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District 153 and teachers agree on new contract

Homewood School District 153 and the Homewood Education Association (HEA) have reached an agreement on a five-year contract that includes salary raises for teachers and staff.
HEA approved the agreement on June 2. The District 153 board ratified it on June 7. 

Board President Shelly Marks characterized negotiations as positive and collegial. 

“Thanks to the strong partnership we have with staff, District 153 now has a crucial piece in place to help us plan better for the future,” Marks said. “This contract balances our needs to be good stewards of taxpayer dollars and to invest in the great teaching our community has come to expect from us.” 

HEA official Cheri Pesina said the organization was pleased with the contract and the negotiations that produced it.


“Our HEA membership was incredibly pleased with our new professional negotiations agreement, as was evident by the 169-7 vote,” she said. “For years, many of our district staff were either on a pay freeze or receiving CPI (consumer price index raises), due to lack of funding from the state of Illinois. The salary increases and tuition reimbursement for all staff were much needed and appreciated.  This allows us to be competitive with surrounding districts and retain and attract the type of teachers that will provide the quality education that Homewood is known for.”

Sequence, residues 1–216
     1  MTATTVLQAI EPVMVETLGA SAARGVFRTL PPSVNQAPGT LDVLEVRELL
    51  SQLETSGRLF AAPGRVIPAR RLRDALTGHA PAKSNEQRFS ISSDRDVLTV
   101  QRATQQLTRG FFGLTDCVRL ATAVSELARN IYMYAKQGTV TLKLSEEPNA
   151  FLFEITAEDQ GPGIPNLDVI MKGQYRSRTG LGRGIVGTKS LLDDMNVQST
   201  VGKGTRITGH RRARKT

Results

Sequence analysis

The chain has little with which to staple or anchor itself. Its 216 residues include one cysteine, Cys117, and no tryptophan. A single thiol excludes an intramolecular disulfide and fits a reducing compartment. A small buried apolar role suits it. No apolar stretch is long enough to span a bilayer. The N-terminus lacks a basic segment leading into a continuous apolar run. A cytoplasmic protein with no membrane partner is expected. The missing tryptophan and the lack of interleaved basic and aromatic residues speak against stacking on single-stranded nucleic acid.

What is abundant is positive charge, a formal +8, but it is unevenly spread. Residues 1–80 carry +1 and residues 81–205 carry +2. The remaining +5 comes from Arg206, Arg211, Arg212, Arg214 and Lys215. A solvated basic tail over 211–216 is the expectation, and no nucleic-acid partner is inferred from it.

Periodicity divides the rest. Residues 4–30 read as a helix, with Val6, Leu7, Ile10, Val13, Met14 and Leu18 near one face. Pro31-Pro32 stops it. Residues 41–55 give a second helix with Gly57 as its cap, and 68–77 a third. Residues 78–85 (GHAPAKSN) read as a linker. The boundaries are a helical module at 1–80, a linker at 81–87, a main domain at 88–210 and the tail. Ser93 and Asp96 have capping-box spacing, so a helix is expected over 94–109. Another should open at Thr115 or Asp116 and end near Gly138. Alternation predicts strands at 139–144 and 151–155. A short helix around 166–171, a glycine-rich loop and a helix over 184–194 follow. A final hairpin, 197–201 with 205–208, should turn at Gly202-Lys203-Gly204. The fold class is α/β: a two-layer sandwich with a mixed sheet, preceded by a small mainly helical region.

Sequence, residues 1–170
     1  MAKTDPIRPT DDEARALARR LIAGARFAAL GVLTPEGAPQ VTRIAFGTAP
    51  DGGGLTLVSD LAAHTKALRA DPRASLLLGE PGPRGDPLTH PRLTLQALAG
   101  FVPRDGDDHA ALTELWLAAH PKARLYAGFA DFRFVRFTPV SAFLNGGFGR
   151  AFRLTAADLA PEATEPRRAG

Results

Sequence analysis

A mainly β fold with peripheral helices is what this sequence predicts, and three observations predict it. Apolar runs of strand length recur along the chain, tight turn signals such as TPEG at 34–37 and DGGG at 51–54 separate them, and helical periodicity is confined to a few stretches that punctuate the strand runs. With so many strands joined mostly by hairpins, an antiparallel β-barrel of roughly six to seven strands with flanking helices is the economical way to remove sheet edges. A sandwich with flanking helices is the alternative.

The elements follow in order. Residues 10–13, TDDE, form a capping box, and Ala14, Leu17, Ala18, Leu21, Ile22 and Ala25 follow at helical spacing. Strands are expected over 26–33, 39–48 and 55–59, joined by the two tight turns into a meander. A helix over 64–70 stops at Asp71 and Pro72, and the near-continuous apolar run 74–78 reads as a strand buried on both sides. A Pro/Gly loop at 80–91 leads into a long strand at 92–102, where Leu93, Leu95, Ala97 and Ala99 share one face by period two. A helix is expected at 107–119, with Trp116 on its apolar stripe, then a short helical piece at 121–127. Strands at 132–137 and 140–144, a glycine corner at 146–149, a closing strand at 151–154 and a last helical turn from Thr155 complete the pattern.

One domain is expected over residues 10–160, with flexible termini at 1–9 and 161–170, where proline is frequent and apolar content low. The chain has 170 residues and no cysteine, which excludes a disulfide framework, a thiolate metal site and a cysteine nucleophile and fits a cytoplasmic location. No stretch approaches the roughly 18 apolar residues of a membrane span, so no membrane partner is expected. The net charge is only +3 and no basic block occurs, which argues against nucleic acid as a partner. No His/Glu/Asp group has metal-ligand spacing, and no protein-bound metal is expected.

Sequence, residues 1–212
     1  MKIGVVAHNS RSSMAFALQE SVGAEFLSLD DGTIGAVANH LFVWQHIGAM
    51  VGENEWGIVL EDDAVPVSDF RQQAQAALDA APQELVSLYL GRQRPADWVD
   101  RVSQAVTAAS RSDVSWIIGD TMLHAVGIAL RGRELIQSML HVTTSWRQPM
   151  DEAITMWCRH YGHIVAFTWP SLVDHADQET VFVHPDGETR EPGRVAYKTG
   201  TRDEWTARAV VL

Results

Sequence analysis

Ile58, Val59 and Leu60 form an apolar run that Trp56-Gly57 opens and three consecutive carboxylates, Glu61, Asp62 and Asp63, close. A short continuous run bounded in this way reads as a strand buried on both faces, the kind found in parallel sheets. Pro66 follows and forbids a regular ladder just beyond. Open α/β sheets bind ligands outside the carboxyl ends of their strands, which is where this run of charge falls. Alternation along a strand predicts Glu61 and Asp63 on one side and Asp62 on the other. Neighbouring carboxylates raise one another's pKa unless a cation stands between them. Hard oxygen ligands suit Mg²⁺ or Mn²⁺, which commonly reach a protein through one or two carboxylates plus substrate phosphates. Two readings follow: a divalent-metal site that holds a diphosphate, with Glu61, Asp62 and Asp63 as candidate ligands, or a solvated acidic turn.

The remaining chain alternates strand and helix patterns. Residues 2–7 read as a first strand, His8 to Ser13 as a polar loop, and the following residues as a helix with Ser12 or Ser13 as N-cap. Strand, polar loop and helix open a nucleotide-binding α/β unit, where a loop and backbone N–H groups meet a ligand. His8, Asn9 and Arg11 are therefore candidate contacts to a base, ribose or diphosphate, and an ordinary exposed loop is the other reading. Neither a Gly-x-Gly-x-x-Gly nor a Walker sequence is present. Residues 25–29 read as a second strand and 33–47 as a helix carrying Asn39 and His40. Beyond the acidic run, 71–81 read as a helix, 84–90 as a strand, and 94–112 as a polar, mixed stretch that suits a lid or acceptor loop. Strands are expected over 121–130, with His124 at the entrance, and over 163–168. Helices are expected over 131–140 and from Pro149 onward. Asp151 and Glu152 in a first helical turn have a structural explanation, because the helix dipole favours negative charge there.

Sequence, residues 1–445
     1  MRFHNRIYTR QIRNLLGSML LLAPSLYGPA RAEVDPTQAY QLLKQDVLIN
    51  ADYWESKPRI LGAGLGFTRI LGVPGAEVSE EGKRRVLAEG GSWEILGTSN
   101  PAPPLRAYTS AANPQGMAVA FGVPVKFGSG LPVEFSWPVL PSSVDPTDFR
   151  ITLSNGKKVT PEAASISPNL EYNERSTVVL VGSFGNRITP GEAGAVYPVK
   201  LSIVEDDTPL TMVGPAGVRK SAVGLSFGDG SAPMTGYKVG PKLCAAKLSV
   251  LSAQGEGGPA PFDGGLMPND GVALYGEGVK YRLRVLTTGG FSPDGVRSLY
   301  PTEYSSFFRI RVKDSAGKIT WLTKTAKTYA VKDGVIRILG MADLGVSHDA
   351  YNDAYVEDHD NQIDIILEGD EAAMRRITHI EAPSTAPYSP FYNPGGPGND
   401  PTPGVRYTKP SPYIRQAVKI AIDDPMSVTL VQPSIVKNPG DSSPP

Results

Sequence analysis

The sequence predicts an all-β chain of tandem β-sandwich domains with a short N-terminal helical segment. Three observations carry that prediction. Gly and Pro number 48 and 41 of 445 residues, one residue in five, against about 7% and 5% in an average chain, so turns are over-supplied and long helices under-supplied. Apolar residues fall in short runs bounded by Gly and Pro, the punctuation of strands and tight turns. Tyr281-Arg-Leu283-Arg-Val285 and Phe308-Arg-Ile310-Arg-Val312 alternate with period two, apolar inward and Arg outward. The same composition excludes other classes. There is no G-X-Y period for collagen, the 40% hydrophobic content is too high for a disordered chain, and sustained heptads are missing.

Pestina thanked lead HEA negotiator Maureen Daley for her work on the contract.

The school district’s operating budget will see an annual net increase of about 3.1 percent over the five-year life of the contract. 

The new contract reinstates teacher salary schedules. Certified staff will see an average 5.5 percent increase in year one, a 5 percent increase in years two and three and a 4.5 percent increase in years four and five. Non-certified support staff will receive from 7 to 8 percent raises, depending on the job, in the first year and anywhere from 5 to 6 percent raises in years two through five. 

“The new salary schedule will enable District 153 to be competitive in the region,” said Superintendent Dale Mitchell. “Our amazing staff is our most important asset. It’s important that they are compensated fairly.” 

Beyond a small decrease in employee insurance premiums, no substantial changes were made to health insurance benefits and retirement incentives. 

According to Mitchell, the additional cost of the contract is partially offset by retirements and are in line with the financial projections presented to taxpayers during the 2016 referendum campaign. 

“What we did not project is a third straight year without a state budget,” Mitchell said. “The lack of a state budget makes financial planning for school districts impossible as we don’t know what revenues to expect. We continue to be very concerned about funding.” 

As of June 1, the State of Illinois owed District 153 about $900,000 in back payments for such things as transportation, special education and early childhood education. 

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